"Mengahau" is a big affair and is usually celebrated for 5 days and nights. The purpose of this ceremony is to venerate the "gusi-gusi" (a type of antique jars believed to possess spirits) by chanting ancient ritual verses. It is also conducted to honour dead family members, similar to the "kenduri arwah" (feast for the departed) commonly observed by the Muslim Malay community.
As soon as the music starts, the dancers would sway towards the dance floor. Every movement of the hands would be in harmony with the rhythm of the music. However the movement of the feet are slower as compared to the hands. One simply walks with very small steps in an unhurried manner. The pace of the dance increase with applause from the audience.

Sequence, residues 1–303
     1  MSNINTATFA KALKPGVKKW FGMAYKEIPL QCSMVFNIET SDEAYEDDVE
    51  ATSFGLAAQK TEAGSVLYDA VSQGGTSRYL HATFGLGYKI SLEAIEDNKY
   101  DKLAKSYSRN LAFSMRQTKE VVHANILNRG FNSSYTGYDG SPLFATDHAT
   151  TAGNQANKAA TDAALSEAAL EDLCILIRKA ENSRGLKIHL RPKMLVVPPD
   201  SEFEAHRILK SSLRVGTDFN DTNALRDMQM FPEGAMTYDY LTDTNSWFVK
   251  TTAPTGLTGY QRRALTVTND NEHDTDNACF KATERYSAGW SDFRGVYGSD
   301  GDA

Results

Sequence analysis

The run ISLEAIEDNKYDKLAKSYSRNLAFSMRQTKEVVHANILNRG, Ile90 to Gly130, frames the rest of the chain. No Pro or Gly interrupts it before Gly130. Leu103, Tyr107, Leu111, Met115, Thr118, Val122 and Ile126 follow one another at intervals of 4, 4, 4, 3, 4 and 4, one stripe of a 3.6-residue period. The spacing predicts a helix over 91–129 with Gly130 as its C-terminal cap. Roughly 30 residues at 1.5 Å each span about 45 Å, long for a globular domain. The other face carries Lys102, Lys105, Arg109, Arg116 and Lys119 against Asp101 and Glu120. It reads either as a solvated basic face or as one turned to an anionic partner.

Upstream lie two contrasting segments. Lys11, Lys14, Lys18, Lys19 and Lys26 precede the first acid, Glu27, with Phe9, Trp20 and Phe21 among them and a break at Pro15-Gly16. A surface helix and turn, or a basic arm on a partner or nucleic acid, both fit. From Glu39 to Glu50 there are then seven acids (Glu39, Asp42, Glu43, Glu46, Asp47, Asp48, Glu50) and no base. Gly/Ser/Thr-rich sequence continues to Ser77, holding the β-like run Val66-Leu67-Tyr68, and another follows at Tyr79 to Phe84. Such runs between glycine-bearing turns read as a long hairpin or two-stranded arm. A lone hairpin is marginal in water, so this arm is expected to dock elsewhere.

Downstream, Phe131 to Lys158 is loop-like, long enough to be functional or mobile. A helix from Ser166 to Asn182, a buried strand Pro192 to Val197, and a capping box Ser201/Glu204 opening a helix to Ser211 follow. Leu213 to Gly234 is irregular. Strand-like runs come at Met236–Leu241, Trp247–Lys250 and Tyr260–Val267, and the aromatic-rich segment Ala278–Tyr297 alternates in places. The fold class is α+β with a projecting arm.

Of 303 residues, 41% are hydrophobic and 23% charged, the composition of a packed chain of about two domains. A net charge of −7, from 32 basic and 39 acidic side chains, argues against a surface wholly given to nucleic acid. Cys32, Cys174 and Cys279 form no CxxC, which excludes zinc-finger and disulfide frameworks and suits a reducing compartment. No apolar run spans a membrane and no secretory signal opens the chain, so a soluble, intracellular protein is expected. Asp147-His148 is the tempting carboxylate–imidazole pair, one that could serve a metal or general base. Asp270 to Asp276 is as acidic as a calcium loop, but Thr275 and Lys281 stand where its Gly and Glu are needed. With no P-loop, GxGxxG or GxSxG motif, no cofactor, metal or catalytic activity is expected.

This dance belongs to the Murut’s tribe of Kuhijaw (Kwijau). The "Magunatip" word is derived from the "apit" word, which means "trapped". In this dance one must master and show their agility and dexterity in jumping and putting their feet between the clapping bamboos without being trapped. This dance does not usually require any instrumental music because the rhythmic clapping and stamping of the bamboos produce a loud, harmonised, beat and interesting sound or rhythm. This dance is usually performed to highlight any festive occasion.
Initially "adai-adai’ was a song sung as a "pantun" or a quatrain by a group of people. Instead of having an ordinary musical instrument to accompany the song, a natural sound or beat is formed from paddling a boat or stamping the paddle against the side of the boat and striking a "buyong" or "keduit" (a jar made from gourd or clay). This dance belongs to the Brunei tribe in Weston, Sabah.